On a visit to the Victoria and Albert Museum in South Kensington, London, I discovered the Textile Galleries. Fabulous fabrics – both ancient and modern – were displayed. I was fascinated by the work of the world famous present-day Japanese designer Miyamoto Eiji whose work was inspired by nature. Of particular interest was his Seaweed Scarf – pictured immediately above and below.
The Seaweed Scarf is a skilfully crafted triple-weave fabric. Its intricately textured and coloured surface of pleats, shirrings and crumplings have been created to evoke an impression of seaweed undulating in water.
I have lots of photographs of seaweed in water. I wondered if I had any images in my collection that might reflect that kind of inspirational subject. I came up with the following pictures – all showing Thongweed floating in the sea just offshore from Winspit in Dorset. The long strands of pale olive coloured seaweed were being flicked and drawn, to and fro, by the undulating waves. I thought the photographs were a good approximation of the idea being captured by the textile designer.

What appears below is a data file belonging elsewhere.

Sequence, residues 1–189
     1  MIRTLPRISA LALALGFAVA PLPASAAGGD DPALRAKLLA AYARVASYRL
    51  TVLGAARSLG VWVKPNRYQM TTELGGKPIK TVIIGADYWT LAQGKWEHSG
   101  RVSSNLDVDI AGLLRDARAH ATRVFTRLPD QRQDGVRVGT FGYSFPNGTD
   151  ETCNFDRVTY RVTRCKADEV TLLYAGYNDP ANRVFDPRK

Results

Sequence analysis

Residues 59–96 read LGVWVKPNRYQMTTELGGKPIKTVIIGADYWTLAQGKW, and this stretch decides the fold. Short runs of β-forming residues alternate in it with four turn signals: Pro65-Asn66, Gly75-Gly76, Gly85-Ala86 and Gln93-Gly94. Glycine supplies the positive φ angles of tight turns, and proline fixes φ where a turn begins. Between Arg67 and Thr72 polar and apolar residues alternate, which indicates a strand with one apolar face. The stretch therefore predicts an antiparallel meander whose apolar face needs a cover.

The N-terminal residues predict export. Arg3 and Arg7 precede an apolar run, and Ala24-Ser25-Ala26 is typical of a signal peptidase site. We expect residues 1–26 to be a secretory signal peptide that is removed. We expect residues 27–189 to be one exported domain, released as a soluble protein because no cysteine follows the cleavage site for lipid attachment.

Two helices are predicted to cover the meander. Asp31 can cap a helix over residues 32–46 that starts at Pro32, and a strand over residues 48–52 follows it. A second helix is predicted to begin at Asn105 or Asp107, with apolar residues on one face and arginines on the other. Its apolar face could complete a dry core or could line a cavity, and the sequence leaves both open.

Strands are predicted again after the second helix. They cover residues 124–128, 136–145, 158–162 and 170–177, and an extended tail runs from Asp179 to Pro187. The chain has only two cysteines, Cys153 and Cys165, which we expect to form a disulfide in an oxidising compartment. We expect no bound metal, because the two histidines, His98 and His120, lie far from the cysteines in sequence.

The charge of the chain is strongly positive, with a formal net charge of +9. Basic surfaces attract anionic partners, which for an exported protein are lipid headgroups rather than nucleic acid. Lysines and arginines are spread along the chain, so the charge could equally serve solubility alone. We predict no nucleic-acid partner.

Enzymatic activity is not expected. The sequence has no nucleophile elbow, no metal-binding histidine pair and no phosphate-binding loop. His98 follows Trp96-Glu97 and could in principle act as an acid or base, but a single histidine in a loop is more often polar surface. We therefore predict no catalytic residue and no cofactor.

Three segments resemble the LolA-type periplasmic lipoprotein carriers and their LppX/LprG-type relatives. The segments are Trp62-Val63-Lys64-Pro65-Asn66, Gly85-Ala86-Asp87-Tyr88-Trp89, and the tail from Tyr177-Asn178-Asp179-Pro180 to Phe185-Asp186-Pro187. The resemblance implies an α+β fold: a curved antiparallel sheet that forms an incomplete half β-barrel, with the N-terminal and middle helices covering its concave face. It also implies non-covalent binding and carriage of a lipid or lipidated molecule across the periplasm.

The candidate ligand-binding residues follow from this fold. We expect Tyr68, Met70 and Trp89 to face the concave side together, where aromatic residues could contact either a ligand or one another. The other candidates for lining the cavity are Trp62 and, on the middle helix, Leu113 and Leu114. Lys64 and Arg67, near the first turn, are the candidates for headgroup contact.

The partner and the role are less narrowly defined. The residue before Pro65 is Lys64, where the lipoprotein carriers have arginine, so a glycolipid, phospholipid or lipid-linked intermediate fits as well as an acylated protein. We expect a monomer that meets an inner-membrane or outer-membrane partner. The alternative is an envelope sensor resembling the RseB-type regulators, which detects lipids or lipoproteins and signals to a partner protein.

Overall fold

P.S. The V&A Textile Galleries are currently closed (April 2011) while the collection is being relocated to a new building.
Revision of a post first published 2 June 2010
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5 Replies to “Seaweed-inspired fabric design”
That seaweed scarf is so beautiful! As is the “real” seaweed floating in that blue blue water. Don’t you admire artists who can create such lovely works? Works that bring us closer to the nature that surrounds us everywhere.
Hello, Kathy. Yes, the beautiful natural world has always been an inspiration for artists and craftsmen. I have a great deal of admiration for all these talented people who bring nature into our lives in this way.
I like the juxtaposition of the natural and the manufactured. I went to the V&A to see the textiles and that section was closed for renovations. Good to see some of the beauty that I missed.
Hello, Lynn. What a shame that you missed the opportunity to see the textiles gallery at the V&A. It is an amazing place. It is a study gallery so you can get up really close and you are allowed to photograph things – sometimes even touch. I especially liked the oriental textiles and the way designers have drawn so heavily on nature for inspiration. In this particular case, I recognised exactly the kind of image of floating seaweed that the artist has so successfully translated into fabric.